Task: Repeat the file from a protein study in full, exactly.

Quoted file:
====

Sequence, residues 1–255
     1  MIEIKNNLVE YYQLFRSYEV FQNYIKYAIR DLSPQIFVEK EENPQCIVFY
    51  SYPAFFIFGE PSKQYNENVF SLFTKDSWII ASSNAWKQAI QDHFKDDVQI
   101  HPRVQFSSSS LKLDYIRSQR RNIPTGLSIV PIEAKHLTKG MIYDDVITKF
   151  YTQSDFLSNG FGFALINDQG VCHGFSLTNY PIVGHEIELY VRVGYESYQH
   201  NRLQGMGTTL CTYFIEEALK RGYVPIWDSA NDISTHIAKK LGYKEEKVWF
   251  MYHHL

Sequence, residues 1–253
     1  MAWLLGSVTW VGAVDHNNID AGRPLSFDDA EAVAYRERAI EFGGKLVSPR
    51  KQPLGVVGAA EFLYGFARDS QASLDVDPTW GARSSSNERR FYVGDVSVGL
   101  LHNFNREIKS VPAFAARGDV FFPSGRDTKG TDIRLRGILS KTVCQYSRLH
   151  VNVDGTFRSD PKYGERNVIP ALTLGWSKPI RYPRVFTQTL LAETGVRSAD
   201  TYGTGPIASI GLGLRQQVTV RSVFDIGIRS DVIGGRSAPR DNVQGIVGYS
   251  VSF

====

Sequence, residues 1–255
     1  MIEIKNNLVE YYQLFRSYEV FQNYIKYAIR DLSPQIFVEK EENPQCIVFY
    51  SYPAFFIFGE PSKQYNENVF SLFTKDSWII ASSNAWKQAI QDHFKDDVQI
   101  HPRVQFSSSS LKLDYIRSQR RNIPTGLSIV PIEAKHLTKG MIYDDVITKF
   151  YTQSDFLSNG FGFALINDQG VCHGFSLTNY PIVGHEIELY VRVGYESYQH
   201  NRLQGMGTTL CTYFIEEALK RGYVPIWDSA NDISTHIAKK LGYKEEKVWF
   251  MYHHL

Sequence, residues 1–253
     1  MAWLLGSVTW VGAVDHNNID AGRPLSFDDA EAVAYRERAI EFGGKLVSPR
    51  KQPLGVVGAA EFLYGFARDS QASLDVDPTW GARSSSNERR FYVGDVSVGL
   101  LHNFNREIKS VPAFAARGDV FFPSGRDTKG TDIRLRGILS KTVCQYSRLH
   151  VNVDGTFRSD PKYGERNVIP ALTLGWSKPI RYPRVFTQTL LAETGVRSAD
   201  TYGTGPIASI GLGLRQQVTV RSVFDIGIRS DVIGGRSAPR DNVQGIVGYS
   251  VSF